Avoiding a potential proxy fight, global food giant Mondelez International (MDLZ) announced a deal on Tuesday to add activist investor Nelson Peltz to its board of directors.

The agreement comes as reports indicate Peltz, the billionaire founder of Trian Fund Management, was weighing a proxy fight as part of his efforts to boost Mondelez’s profit margins.

Peltz also signaled a willingness to abandon his efforts to get PepsiCo (PEP) and Mondelez to merge. Peltz is a major shareholder of PepsiCo.

“Given that Pepsi’s not interested in Plan A, we are encouraging them to pursue Plan B,” a Trian spokesperson said in an emailed statement.

Plan B calls for PepsiCo to separate its snacks and beverages business in an effort to focus management and investor attention on the snacks business. Trian believes such a move would lead to about $136 to $144 of implied value per share by the end of 2015.

With the addition of Peltz, the size of Mondelez’s board expands to 12 members, including 11 who are independent. Peltz, whose Trian owns more than 46 million shares of Mondelez, will also stand for election at the company’s 2014 annual meeting.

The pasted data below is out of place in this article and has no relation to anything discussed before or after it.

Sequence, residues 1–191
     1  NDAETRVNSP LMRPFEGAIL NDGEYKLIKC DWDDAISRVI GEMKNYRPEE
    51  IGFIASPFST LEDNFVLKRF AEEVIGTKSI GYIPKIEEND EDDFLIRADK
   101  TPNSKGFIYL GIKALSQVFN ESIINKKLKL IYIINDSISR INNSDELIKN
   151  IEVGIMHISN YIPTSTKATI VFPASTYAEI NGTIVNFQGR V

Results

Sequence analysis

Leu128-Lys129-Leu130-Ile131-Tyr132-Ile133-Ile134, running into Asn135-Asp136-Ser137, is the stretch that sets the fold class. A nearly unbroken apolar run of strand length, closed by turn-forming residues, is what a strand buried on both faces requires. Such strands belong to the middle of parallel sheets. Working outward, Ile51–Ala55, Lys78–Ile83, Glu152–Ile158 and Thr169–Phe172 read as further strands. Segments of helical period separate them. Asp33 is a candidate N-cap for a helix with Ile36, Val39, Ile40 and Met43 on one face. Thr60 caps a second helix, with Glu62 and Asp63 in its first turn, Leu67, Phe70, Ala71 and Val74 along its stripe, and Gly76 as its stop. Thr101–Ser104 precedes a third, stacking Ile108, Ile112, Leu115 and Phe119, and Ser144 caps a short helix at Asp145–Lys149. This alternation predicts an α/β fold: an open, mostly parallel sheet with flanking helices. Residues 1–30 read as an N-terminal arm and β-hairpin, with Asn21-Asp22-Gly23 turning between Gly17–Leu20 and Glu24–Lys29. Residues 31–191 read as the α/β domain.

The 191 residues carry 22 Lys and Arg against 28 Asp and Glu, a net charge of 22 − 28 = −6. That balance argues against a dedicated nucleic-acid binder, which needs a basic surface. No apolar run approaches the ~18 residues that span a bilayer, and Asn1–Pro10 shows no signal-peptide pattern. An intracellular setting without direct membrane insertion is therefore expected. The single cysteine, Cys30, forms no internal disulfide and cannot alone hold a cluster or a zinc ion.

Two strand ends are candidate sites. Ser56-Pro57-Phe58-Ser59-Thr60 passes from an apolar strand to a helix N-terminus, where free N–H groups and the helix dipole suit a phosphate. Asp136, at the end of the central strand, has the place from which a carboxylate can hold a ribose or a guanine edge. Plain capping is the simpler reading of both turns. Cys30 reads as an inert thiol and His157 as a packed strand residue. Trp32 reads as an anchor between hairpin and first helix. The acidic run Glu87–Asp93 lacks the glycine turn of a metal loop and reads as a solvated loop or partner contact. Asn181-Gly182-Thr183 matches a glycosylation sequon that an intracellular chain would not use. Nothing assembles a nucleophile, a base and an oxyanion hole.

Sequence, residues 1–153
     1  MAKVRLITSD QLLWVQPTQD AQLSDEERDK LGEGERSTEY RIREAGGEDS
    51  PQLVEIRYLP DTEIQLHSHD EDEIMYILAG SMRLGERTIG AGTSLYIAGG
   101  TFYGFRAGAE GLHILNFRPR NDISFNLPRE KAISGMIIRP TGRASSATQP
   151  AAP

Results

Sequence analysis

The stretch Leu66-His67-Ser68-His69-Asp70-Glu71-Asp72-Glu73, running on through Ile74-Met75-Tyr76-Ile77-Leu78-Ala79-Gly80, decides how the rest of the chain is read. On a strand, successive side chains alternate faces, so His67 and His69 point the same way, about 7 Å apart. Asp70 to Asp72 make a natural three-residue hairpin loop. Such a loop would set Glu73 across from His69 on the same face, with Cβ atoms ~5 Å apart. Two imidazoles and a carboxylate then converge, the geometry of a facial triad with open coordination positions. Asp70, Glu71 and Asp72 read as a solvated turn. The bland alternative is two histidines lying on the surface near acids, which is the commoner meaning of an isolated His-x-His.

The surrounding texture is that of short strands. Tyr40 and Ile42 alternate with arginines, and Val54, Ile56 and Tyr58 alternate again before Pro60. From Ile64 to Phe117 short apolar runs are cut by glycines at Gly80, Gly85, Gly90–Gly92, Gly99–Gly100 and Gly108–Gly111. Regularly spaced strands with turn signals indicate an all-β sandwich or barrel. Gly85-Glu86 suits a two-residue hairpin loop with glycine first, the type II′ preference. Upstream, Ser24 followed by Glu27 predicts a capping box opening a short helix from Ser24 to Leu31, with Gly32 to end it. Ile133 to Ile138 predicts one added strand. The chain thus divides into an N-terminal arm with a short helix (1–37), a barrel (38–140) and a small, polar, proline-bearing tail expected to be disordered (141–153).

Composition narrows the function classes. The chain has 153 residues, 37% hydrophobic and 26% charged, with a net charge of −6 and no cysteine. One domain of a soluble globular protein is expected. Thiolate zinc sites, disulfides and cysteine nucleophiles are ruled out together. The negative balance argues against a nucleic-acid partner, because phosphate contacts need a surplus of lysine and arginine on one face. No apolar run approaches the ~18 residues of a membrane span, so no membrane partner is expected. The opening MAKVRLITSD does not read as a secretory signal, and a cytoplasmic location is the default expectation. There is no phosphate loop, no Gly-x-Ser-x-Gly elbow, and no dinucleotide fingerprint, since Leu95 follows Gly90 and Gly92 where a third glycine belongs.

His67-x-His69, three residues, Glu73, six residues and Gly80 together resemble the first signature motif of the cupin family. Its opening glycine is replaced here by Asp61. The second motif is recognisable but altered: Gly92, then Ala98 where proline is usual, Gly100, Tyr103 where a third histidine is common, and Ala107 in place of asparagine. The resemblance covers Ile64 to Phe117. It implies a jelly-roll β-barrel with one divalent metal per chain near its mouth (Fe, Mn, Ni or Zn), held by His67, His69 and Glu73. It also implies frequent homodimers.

"Irene Rosenfeld is a CEO who has created substantial value for shareholders over the course of her career,” Peltz said in a statement. “I look forward to working closely and constructively with Irene, the board and management team toward our shared goals of driving growth, improving margins and increasing value for all shareholders."

Mondelez, which owns Cadbury, Oreo and Nabisco, was spun off from North American grocery company Kraft Foods (KRFT) in 2012.

“We respect his more than 40 years of business and investment experience as well as his expertise helping consumer products companies leverage their brands and improve operating and financial performance. We welcome his input as we deliver superior shareholder returns,” Rosenfeld said.

Peltz has roles on several other corporate boards, including as non-executive chairman of Wendy’s (WEN) and as a director at both Legg Mason (LM) and Ingersoll-Rand (IR).

Shares of Mondelez fell 2.61% to $34.23 Tuesday morning, leaving them almost 3% in the red on the year.

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